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AstraZeneca says reports of 8% coronavirus vaccine efficacy in seniors are ‘incorrect’

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British-Swedish pharmaceutical company AstraZeneca is refuting German media reports claiming its coronavirus vaccine has an eight per cent efficacy rate in seniors as “completely incorrect.”

“Reports that the AstraZeneca/Oxford vaccine efficacy is as low as 8 per cent in adults over 65 years are completely incorrect,” a spokesperson from AstraZeneca said in an emailed statement to Global News.

The pharmaceutical giant cited data published in the Lancet in November of 2020, saying one of their clinical trials found 100 per cent of older adults generated “spike-specific antibodies” after the second dose.

Read more: U.K. jumps ahead in global COVID-19 vaccine race, rolls out 1st AstraZeneca shots

German reports from local papers Handelsblatt and Bild emerged on Monday, alleging AstraZeneca’s vaccine had an efficacy as low as eight per cent in adults aged 65 and older, raising doubts that the German government would approve the product for that age demographic.

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The Government of Canada puts adults over 60 at the top of its list of those “at risk of more severe disease or outcomes,” followed by those with chronic medical health conditions, immunocompromised and people living with obesity.

The news comes as the European Union mounts criticism against AstraZeneca, accusing the pharmaceutical company of providing an “insufficient” explanation for its COVID-19 vaccine delivery reduction after two negotiating sessions that ended Monday.

The EU has an agreement with AstraZeneca for 300 million doses and the option to purchase up to 100 million more. However, the pharmaceutical company warned Friday that vaccine supplies would be “lower than originally anticipated” due to reduced production at its manufacturing site, shrinking the EU’s first shipment from 80 million doses to 31 million doses.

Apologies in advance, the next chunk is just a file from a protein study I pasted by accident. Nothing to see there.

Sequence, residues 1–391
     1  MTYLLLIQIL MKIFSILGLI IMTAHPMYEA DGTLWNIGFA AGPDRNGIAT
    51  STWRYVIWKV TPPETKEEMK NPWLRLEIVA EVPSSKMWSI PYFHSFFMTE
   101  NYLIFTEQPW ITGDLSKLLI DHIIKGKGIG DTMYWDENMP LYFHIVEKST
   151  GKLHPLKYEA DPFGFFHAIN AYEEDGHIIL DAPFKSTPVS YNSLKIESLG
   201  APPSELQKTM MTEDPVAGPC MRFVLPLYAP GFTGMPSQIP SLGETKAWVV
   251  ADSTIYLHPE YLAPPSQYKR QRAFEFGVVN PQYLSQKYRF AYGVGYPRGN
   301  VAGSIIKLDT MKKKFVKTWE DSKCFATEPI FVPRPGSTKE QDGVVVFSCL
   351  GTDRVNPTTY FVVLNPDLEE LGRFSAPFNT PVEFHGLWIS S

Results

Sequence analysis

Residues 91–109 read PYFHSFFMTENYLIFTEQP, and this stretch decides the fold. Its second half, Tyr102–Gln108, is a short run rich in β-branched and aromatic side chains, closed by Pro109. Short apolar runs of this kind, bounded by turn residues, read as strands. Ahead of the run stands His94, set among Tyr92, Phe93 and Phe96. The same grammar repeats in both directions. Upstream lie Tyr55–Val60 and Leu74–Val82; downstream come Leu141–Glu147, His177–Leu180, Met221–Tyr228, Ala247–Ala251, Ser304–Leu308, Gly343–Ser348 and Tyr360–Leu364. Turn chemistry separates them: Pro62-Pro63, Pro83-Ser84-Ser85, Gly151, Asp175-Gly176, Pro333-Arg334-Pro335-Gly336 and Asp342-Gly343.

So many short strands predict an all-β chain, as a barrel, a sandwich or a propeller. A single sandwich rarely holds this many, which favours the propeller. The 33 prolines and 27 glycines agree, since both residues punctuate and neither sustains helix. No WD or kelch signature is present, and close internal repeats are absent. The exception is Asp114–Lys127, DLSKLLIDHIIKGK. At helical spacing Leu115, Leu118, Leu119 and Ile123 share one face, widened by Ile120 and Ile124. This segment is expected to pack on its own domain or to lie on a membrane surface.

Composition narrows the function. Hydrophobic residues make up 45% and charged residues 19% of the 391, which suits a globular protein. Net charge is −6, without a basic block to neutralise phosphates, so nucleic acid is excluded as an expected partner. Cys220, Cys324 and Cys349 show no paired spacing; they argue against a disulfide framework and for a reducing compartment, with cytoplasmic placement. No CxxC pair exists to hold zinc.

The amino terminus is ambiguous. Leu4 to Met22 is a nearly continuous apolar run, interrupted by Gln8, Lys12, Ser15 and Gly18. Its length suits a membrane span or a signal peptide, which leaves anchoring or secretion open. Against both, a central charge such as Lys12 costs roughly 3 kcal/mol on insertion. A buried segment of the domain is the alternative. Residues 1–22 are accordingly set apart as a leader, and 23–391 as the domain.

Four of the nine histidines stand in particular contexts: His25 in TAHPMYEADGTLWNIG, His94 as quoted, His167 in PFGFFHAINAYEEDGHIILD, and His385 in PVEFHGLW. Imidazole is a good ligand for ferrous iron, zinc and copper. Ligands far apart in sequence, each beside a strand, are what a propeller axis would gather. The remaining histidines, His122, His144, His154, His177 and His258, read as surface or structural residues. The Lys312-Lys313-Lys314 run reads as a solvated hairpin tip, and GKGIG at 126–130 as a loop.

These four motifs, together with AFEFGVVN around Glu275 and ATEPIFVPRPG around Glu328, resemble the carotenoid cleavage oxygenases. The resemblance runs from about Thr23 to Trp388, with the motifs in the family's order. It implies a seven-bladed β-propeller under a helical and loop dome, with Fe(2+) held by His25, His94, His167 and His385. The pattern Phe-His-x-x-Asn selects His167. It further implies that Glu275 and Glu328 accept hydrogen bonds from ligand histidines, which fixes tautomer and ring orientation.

Bloc health commissioner Stella Kyriakides said the EU would take “any action required to protect its citizens and its rights,” adding that “vaccine developers have societal and contractual responsibilities they need to uphold.”

The EU is expected to authorize the vaccine for use on Friday, and threatened stringent export controls if the pharmaceutical company fell short on its delivery promises.

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“We, as the EU, must be able to know whether and what vaccines are being exported from the EU,” German Health Minister Jens Spahn said.

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“Only that way can we understand whether our EU contracts with the producers are being served fairly. An obligation to get approval for vaccine exports on the EU level makes sense.”

AstraZeneca’s vaccine has been authorized for emergency use in the U.K., as well as Argentina, Dominican Republic, El Salvador, Mexico and Morocco.

It has yet to be approved in Canada, with the federal government saying that they were still waiting on additional data from the vaccine developers in December.

Dominic LeBlanc, Canada’s Minister of Intergovernmental Affairs, said on Jan. 10 he was “hopeful” that Health Canada would approve AstraZeneca’s vaccine in the coming weeks, adding that having more vaccine options could help Canada “hedge” against vaccine delays caused by Pfizer-BioNtech’s shipment pause.

“We’re really hopeful that in the coming weeks, other vaccines may be approved by Health Canada as safe for use: AstraZeneca, perhaps Johnson & Johnson thereafter,” he said.

— With files from the Associated Press